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POETIC LICENCES.
121
have the two last syllables divided. But this ob­servation is not extended to verse of the anapestic kind; for our language, being somewhat overstocked with consonants, does not readily supply short syllables in the proportion which that verse requires. And therefore to divide syllables like those just mentioned is, in that species of verse, no licence at all.
Many other instances of diverse opinions might be quoted upon the niceties of elision and syneeresis, but instead of doing so further, we prefer to im­press upon the student the importance of cultivat­ing a refined taste and critical ear as the ultimate test of rhythmic appreciation. For instance, in the following verse of thirteen syllables, the ear instinc­tively sanctions their reduction to the normal ten, thus:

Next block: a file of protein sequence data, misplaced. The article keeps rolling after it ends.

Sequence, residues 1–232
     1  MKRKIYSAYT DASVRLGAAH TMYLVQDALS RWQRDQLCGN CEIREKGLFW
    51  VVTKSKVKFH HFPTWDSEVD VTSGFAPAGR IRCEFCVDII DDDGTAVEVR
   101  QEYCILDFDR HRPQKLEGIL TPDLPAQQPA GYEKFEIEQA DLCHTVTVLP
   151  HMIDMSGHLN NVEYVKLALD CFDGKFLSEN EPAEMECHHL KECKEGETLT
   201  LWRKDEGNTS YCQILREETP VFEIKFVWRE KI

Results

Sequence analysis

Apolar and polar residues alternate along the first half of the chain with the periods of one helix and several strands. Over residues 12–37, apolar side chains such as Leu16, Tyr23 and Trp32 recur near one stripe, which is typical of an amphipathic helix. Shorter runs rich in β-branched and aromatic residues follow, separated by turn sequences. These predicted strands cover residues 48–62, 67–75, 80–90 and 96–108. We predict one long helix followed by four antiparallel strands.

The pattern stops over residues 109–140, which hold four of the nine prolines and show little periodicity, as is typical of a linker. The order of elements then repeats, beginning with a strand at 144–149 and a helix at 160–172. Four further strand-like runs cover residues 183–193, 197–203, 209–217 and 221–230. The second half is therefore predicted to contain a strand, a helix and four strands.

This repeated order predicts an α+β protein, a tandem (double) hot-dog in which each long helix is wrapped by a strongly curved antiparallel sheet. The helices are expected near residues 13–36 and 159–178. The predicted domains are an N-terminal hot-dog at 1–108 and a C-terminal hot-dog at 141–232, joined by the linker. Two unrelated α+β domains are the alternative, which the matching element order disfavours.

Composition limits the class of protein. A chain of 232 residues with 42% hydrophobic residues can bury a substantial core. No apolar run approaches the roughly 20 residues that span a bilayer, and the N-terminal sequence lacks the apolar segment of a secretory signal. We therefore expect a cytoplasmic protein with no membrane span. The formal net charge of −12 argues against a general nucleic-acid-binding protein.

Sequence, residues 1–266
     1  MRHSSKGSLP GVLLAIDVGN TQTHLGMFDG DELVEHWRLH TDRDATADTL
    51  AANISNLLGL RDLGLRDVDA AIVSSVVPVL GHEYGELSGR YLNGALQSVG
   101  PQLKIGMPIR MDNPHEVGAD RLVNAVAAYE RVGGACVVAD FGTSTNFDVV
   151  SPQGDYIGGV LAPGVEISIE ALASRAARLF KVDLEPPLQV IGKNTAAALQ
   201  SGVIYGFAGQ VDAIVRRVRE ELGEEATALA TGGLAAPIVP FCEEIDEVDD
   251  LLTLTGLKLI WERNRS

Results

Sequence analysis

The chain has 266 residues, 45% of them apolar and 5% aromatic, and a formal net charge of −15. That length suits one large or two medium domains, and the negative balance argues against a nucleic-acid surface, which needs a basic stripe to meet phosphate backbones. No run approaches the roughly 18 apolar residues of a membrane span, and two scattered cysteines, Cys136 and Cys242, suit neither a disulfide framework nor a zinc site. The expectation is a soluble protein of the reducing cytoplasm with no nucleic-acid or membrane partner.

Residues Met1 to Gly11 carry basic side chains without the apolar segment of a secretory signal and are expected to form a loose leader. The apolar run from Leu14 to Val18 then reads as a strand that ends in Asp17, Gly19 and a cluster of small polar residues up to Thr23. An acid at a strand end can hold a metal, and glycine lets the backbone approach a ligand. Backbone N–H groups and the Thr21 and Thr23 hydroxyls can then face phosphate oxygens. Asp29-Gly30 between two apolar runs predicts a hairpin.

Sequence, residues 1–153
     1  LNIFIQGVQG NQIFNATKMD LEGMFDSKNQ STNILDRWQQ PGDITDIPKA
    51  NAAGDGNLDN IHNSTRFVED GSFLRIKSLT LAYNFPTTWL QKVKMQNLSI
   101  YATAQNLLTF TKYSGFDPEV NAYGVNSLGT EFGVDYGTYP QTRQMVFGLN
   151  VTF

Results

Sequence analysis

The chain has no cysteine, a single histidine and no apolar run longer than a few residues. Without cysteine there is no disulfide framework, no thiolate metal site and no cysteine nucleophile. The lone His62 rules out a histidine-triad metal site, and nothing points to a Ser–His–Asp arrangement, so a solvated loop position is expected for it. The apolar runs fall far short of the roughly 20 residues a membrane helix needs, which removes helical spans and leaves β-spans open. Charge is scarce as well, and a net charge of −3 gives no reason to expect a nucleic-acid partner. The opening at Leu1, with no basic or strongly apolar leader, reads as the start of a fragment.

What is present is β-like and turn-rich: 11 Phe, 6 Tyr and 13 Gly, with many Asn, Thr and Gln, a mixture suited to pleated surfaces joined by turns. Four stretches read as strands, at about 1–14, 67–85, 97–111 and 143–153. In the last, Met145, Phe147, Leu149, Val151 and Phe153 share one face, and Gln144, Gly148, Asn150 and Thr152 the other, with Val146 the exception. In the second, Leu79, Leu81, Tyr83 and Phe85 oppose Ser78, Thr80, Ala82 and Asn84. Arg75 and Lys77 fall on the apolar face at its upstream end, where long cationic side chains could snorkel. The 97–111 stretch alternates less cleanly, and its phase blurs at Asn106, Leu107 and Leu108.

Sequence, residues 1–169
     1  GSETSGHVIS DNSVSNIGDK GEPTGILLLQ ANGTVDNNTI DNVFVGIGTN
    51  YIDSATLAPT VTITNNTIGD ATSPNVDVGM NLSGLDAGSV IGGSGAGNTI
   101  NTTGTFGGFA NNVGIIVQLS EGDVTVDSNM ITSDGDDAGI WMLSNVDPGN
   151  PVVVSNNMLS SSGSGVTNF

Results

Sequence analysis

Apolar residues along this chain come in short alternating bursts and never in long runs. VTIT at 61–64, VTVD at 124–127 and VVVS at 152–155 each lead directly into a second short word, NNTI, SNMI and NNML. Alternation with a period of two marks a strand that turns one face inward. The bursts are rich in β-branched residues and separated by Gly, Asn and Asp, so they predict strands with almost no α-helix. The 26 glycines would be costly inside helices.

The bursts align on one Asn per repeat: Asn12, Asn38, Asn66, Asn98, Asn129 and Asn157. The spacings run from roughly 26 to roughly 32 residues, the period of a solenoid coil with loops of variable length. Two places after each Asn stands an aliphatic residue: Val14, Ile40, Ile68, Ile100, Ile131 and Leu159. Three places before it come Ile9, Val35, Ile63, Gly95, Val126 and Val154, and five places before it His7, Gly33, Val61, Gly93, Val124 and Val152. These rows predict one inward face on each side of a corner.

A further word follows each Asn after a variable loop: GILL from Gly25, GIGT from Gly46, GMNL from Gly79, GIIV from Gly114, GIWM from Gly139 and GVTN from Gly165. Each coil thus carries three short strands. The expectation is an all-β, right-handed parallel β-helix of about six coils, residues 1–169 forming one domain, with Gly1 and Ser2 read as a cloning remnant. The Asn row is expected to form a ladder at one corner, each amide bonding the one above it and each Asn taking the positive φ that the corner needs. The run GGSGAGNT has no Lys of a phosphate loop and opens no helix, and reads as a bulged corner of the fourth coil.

And man | y a fro | zen, man | y a fi | ery Alp
Milton.
While in the two examples that follow it at once declines to allow any elision in the feet that are marked off.
Canst thou imagine where those spirits live, Which make such del | icate mu | sic in the woods.
Shelley.
And multitu | ditwus as | the desert sands, Borne on the storm its millions shall advance.
Ibid.






E-Book - An Annotated Compendium of Old Time American Songs by James Alverson III